One trick for getting the bubbles out of freshly mixed 2-part epoxy, aka degassing, is to go over it gently with the flame from a propane torch. But both the mixing and degassing take time. [Gianteye] came up with a 3D printed dual-syringe static mixing system which speeds up the process.
If you’ve bought those 2-part epoxy syringes available in stores before then you’ll know that they usually come with two syringes, each filled with one of the two parts to be mixed. Depressing the syringes causes each part to come out of its own tube. It’s then your job to mix them together and degas the result.
[Gianteye’s] system consists of 3D printed parts and two syringes. Models for the 3D printing are available on his Thingiverse page and the syringes can be found online. Some of the 3D printed parts help you first fill and degas the syringes. You then attach a 3D printed mixing tube to the ends of the syringes. This tube serves two purposes. When the syringe’s plungers are depressed, both parts of the material are forced through the tube and extruded out. But on their way through, both parts pass through eight helices which form 180° turns and mix the parts together. Out comes the portioned, mixed and degassed material which can go straight into a mold or to wherever you need it.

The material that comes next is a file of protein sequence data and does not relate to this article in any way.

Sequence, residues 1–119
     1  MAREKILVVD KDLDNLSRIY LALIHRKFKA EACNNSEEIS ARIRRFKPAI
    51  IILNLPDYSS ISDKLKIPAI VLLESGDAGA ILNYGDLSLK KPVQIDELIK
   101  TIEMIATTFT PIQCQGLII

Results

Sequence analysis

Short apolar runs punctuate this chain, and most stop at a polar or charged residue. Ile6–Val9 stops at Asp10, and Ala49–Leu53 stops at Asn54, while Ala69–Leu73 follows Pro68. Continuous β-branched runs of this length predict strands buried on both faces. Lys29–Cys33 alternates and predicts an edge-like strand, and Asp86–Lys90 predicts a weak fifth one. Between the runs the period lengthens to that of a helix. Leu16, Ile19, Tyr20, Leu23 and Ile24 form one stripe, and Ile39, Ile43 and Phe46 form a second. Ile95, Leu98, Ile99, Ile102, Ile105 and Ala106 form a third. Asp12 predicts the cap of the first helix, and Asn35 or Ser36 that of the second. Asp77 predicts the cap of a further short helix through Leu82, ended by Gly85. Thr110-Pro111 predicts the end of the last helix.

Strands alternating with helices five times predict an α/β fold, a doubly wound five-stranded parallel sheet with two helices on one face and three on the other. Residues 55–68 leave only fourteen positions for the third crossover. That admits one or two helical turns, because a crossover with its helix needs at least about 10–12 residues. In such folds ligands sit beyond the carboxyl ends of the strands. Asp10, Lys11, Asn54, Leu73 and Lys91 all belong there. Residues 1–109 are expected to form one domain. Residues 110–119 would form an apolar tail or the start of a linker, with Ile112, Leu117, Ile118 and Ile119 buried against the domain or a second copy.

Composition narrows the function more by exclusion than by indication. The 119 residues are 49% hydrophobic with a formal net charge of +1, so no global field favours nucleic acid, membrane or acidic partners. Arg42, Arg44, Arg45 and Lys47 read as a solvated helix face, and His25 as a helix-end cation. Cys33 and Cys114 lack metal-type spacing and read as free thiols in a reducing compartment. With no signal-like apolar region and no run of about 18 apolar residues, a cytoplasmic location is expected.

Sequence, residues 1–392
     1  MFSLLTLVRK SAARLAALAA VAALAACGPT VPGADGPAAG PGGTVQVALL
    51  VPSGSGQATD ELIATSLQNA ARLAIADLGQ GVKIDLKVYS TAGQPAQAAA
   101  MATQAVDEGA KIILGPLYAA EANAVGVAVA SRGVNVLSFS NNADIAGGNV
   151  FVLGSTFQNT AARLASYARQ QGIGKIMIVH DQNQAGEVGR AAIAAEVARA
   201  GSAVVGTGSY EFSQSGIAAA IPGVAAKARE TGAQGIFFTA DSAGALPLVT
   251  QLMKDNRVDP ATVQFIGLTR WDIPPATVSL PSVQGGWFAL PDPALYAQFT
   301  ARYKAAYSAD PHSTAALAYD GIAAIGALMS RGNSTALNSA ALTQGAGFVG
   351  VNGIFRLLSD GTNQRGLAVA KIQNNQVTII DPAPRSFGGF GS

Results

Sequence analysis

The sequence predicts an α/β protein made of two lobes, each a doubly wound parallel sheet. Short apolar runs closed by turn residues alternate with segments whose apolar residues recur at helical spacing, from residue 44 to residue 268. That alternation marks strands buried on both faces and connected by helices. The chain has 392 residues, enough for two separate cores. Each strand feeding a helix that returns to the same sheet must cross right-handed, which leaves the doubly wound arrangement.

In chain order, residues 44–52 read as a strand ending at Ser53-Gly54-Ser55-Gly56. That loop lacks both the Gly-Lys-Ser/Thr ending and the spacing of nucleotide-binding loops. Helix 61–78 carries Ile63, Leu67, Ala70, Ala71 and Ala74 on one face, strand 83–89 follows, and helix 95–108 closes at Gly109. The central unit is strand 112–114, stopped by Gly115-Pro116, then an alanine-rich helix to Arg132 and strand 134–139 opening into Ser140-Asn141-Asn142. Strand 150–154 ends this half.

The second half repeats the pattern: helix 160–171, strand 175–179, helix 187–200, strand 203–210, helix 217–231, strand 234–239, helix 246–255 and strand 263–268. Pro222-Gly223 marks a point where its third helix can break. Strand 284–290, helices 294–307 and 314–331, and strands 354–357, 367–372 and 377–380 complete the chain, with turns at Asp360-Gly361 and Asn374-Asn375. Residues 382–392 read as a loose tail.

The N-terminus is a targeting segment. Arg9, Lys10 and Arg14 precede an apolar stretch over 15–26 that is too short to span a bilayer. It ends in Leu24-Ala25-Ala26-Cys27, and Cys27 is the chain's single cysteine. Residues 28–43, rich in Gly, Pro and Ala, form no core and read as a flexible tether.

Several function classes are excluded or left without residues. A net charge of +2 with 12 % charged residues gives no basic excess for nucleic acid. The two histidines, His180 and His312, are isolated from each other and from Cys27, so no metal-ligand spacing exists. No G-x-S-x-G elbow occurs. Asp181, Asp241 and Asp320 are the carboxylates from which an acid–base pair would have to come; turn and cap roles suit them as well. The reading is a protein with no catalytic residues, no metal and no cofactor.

The mixing tube was designed for one-time use but [Gianteye] discovered during an evaluation that it can be reused if you pull out any cured material and purge it. The evaluation involved silicone though. With hardened epoxy, you’ll probably have to use a new tube each time.
Check out the full details of his system in the video below, including both assembly and usage.
If you’re looking for a metallic look for something without wanting to cast metal than have a look at our own [Gerrit Coetzee’s] article about cold casting wherein he makes some very nice looking parts.